The etiology of biliary obstruction

What laboratory studies suggest the etiology of biliary obstruction? What is the pathophysiology basis for this?

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Biliary obstruction is the blockage of any duct that carries bile from the liver to the gallbladder and small intestine (Coucke, Akbar, Kahloon, & Lopez, 2020). Bile is made in the liver and contains a mix of bilirubin, cholesterol, fats, bile acids, and salts (Coucke et al., 2020). Bile is also an alkaline, bitter-tasting, yellowish-green fluid (McCance, & Huether, 2019). Bile has different functions, including excretory, emulsifying dietary fats, facilitating intestinal absorption, eliminating cholesterol, and protecting the organism from enteric infections by excreting immune globulin A (Boyer, 2013). Bile is produced by the liver and flow to the common hepatic duct. Approximated 50% of bile flows into the cystic duct and stored in the gallbladder (Coucke et al., 2020). The rest of the bile flows through the common bile duct and converging through the main pancreatic duct to empty into the duodenum (Coucke et al., 2020). When there is a biliary obstruction, it disrupts the bile flow and can lead to serious complications such as hepatic dysfunction, renal failure, bleeding problems, infection, and others (Coucke et al., 2020).

The most common cause of blocked bile ducts are gallstones (Harvard Health Publishing, 2020). Biliary obstruction is mainly divided into intrahepatic cholestasis and extrahepatic biliary obstruction (Coucke et al., 2020). The intrahepatic cholestasis can be from different diseases such as primary biliary cholangitis, acute hepatitis, and drug-induced liver injury (Coucke et al., 2020). In cholelithiasis, gallstones are formed by the impaired metabolism of cholesterol, bilirubin, and bile acids (McCance, & Huether, 2019). There are three types of gallstones and depend on chemical composition, including cholesterol, pigmented, and mixed (McCance & Huether, 2019). The obstruction causes the gallbladder to become extended, inflamed and decreased blood flow, and bilirubin would back up and enter the bloodstream. As a result, the biliary obstruction can lead to jaundice, ischemia, necrosis, bacterial infection, and perforation of the gallbladder (McCance, & Huether, 2019).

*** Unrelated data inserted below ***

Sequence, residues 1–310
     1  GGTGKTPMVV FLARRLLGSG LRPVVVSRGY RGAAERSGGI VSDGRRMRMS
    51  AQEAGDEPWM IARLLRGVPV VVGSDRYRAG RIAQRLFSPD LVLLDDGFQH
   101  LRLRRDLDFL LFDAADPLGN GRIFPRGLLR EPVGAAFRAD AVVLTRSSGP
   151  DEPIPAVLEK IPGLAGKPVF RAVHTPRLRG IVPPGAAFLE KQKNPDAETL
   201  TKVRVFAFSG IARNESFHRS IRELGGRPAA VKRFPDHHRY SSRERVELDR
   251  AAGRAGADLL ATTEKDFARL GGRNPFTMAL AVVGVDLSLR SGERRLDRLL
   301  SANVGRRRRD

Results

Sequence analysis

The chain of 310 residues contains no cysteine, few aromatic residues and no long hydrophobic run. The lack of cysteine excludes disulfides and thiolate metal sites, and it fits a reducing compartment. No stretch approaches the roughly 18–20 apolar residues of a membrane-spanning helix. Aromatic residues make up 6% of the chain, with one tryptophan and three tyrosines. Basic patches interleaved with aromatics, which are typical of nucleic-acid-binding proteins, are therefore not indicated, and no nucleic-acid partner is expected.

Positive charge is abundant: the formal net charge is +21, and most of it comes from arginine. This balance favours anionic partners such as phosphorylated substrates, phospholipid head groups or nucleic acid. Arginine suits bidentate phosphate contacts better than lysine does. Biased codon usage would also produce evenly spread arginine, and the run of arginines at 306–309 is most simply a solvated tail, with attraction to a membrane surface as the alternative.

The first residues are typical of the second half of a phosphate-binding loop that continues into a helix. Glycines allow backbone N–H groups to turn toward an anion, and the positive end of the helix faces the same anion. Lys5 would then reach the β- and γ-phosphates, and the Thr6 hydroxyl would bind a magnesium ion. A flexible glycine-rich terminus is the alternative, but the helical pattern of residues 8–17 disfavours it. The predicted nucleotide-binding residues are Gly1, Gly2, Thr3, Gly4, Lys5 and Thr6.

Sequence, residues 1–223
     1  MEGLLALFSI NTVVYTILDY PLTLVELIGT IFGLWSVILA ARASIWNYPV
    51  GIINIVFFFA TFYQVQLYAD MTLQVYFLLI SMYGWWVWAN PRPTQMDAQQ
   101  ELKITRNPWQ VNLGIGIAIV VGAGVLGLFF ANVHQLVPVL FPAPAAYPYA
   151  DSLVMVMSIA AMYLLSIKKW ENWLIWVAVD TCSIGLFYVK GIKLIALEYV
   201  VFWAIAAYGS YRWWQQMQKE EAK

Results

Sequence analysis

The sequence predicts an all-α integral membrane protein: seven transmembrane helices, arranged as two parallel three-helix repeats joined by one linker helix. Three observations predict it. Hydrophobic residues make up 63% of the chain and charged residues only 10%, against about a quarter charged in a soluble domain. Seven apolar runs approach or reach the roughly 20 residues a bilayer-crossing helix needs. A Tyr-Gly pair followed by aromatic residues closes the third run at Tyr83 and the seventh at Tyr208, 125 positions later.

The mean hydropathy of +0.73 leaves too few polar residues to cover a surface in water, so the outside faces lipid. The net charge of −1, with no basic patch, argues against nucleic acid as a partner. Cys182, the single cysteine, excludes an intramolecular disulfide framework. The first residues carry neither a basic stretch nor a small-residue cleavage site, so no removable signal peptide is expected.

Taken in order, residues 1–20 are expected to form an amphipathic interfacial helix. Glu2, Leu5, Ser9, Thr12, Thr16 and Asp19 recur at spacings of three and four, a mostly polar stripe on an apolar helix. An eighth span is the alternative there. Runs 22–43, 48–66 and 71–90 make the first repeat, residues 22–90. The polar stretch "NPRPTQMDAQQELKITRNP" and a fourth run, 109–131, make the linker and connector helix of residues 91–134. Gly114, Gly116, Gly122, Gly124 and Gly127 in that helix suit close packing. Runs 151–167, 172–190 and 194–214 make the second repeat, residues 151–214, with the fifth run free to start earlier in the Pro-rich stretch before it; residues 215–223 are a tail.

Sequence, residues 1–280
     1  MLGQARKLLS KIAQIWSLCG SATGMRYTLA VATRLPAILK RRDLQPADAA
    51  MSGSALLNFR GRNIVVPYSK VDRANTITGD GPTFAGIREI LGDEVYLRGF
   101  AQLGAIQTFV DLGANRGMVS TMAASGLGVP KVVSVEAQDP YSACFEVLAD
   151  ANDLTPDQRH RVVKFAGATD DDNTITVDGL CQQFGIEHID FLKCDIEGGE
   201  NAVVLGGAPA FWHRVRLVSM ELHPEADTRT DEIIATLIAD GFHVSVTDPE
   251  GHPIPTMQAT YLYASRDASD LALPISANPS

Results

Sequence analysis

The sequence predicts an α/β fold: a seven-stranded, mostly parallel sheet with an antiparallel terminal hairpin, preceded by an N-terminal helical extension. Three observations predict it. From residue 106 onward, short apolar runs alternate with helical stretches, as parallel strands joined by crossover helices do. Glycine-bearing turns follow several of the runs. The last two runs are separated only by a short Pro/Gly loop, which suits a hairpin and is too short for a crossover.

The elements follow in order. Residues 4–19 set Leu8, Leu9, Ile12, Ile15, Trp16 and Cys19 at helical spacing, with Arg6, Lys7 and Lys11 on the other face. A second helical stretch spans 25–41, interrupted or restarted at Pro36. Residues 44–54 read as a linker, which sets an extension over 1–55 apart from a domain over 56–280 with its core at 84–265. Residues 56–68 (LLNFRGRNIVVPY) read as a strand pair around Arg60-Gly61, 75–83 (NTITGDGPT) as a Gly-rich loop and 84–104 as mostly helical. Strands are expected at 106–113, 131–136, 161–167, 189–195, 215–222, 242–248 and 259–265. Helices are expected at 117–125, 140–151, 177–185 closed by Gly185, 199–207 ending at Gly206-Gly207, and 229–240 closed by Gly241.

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Several abnormal laboratory studies indicate biliary obstruction, which including the elevation of serum bilirubin level, alkaline phosphatase, levels of serum transaminases, and hepatitis serology (Bonheur & Kapoor, 2019). The obstruction of bile ducts can also increase urine urobilinogen level, clay-colored stools, and jaundice (McCance, & Huether, 2019). The normal level of total serum bilirubin values is in the range of 0.2-1.2 mg/dL. For patients with obstructive jaundice, their total serum bilirubin can elevate the level of 3mg/dL and can also have dark-colored urine (Coucke et al., 2020). The common signs and symptoms for cholangitis patients are right upper quadrant pain, nausea and vomiting, fever, and yellowing of the skin. They can also develop complications with mental status change and hemodynamic shock (Coucke et al., 2020). Therefore, clinicians can diagnose patients with biliary obstruction based on abnormal laboratory studies and presenting symptoms during office visits.


Bonheur, J. L., & Kapoor, V. K. (2019). Biliary obstruction workup. Medscape. Retrieved from:

Boyer J. L. (2013). Bile formation and secretion. Comprehensive Physiology3(3), 1035–1078. Retrieved from:

Coucke, E., Akbar, H., Kahloon, A., & Lopez, P. (2020). Biliary Obstruction. StatPearls. Retrieved from:

Harvard Health Publishing. (2020). Bile duct diseases. Retrieved from:

McCance, K.L., & Huether, S.E. (2019). Pathophysiology: The biologic basis for disease in adults and children (8th ed.). St. Louis, MI: Elsevier.

Last Updated on November 24, 2020 by EssayPro